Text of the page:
The occupation of Iberia by the Moors was a welcome occurrence for a well pummeled and remaining Jewish population.  Of course the Muslims were not completely tolerant, but they were more tolerant than the rulers of the previous administration. Under the ruling Caliph (the descendant of Mohammed--the prophet of G-d on earth), the Jews were able to preserve their rites and traditions.  Peaceful coexistence led to their economic and social expansion.  Their status was that of Dhimmis, non-Muslims living in a land governed by Muslims.  The Jews had limited autonomy, but full rights to practice their religion, as well as full protection by their Muslim rulers; but this did not occur for free.  There was a specific tax called the jizya that Dhimmis had to pay to receive these benefits.  Having its origin in the Qur'an, it states Dhimmis who did not pay this tax, should either convert to Islam, or face the death penalty (Qur'an 9, 29).  This tax, higher than the tax Muslims had to pay, was in several occasions one of the most important sources of income for the kingdom.  The jizya was not only a tax, but also a symbolic expression of subordination (Lewis 14).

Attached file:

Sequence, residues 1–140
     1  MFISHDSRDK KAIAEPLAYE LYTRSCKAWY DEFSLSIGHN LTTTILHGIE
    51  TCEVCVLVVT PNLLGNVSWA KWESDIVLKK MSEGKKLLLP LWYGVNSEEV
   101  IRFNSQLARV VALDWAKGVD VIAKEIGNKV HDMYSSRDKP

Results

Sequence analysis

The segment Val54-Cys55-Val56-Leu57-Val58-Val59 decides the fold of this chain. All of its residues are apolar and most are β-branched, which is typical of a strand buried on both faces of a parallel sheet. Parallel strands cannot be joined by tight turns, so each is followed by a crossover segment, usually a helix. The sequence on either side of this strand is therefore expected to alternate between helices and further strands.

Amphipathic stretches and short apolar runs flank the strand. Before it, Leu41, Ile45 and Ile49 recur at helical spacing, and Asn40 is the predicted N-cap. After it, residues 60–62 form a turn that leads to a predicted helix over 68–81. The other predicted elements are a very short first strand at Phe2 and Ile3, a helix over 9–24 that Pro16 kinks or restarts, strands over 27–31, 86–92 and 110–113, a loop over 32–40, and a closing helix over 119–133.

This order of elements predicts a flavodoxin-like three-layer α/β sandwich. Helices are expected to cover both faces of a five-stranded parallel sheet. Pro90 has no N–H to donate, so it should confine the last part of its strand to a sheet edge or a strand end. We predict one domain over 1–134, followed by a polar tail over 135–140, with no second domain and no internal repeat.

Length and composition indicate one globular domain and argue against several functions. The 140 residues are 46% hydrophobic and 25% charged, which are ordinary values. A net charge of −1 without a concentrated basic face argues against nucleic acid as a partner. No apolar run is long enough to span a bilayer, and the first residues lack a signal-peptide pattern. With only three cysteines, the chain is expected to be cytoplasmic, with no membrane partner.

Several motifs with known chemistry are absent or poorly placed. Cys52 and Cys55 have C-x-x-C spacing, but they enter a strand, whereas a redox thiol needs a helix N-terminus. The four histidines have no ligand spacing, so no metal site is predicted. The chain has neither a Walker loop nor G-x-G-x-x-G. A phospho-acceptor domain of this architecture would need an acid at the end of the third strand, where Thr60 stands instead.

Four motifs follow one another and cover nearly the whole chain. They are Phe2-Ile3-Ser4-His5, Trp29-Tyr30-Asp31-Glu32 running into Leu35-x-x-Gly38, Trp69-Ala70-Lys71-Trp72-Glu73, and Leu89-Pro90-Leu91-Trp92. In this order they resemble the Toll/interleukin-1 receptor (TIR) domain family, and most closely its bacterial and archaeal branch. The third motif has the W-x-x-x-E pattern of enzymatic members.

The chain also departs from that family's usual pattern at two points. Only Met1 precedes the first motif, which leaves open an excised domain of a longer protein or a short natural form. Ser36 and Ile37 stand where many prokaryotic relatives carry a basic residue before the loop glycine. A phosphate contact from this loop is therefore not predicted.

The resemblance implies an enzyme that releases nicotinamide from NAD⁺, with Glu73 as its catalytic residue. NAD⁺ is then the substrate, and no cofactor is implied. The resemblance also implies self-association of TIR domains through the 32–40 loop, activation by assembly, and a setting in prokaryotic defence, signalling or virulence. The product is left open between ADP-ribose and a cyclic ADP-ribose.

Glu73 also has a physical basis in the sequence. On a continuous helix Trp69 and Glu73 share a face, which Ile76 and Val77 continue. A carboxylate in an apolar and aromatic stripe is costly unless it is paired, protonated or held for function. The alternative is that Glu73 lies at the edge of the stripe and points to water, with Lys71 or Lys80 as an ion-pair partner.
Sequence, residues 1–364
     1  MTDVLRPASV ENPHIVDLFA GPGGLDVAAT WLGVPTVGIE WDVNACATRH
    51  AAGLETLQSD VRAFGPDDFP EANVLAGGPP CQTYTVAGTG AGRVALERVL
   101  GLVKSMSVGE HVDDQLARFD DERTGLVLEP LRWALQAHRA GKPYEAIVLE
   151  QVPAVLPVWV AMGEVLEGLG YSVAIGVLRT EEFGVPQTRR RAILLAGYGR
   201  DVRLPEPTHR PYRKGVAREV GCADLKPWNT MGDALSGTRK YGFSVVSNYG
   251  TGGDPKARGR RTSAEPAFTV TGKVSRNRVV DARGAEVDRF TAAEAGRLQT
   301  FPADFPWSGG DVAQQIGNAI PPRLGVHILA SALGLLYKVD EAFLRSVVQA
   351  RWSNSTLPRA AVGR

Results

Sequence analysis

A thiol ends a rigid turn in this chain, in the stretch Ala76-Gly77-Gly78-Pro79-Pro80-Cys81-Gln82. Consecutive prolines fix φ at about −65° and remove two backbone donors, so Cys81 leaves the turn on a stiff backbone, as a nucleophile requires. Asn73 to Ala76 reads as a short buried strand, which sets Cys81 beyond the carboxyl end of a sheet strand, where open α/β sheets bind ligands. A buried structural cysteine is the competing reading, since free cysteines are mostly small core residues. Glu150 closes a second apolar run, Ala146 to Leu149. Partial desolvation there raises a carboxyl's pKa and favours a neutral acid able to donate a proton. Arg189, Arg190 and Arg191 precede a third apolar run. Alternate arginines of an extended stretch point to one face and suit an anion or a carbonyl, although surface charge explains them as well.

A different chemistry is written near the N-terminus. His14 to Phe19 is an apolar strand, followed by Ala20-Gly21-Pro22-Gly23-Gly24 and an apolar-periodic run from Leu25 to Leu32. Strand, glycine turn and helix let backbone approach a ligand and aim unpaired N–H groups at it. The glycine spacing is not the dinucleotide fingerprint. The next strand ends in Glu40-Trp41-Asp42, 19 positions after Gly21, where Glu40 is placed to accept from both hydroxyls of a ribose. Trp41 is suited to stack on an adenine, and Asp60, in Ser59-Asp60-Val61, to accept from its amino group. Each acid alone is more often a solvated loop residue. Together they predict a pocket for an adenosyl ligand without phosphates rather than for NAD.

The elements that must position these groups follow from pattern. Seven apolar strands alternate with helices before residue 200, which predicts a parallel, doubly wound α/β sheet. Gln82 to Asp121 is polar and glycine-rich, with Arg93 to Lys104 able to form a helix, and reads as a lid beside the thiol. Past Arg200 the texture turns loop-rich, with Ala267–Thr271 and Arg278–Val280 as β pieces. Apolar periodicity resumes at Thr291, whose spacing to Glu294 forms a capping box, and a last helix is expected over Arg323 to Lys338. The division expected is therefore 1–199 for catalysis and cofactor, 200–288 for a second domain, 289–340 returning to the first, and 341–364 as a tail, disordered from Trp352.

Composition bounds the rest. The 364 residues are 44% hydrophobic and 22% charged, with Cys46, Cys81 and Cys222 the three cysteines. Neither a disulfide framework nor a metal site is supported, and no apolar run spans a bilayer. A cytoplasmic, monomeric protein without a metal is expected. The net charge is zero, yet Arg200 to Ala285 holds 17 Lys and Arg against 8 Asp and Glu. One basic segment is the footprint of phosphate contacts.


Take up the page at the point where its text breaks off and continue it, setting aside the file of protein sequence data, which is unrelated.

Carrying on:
From the second half of the eighth century to the end of the eleventh century Jewish life flourished while contributing greatly to scholarship.  A translating program was established in Toledo, using Jews as interpreters.  There they translated the Arabic books into romance languages, as well as Greek and Hebrew texts into Arabic.  This included many major works of Greek science and philosophy.  Jews studied and contributed to mathematics, medicine, botany, geography, poetry, and philosophy.   It was at this time that the study of Medicine expanded to produce a large number of exceptional Jewish physicians.  Islam had its sway over Jewish cultural life too.  In literature, and the arts, the Muslim influence on the Jews is enormous.  Though written in non-Islamic language and script, medieval Hebrew poetry, and much of the prose literature, belong to the same cultural world as Arabic and other literatures of Islam (Lewis 81).  In the Caliphate of Cordoba [the geographical zenith of Islamic life in Al-Andalus], the Jewish element became increasingly important, reaching its peak in the tenth century  (Diaz-Mas 3).   Jews lived among themselves in a walled area known as the aljama (Jewish quarter). There they lived among their own administration, and managed their own communal affairs (Epstein 1).   There the Jewish community had their own legal court known as the Beit Din.  This court, with Rabbis as Judges, would render both religious and civil legal opinions pertaining to Jewish affairs inside the aljama.  In the Beit Din the Jews were allowed to settle their own disputes.  This of course was positive for the them;  but it was also positive for the Muslims to, as it decreased the work load of the Islamic courts.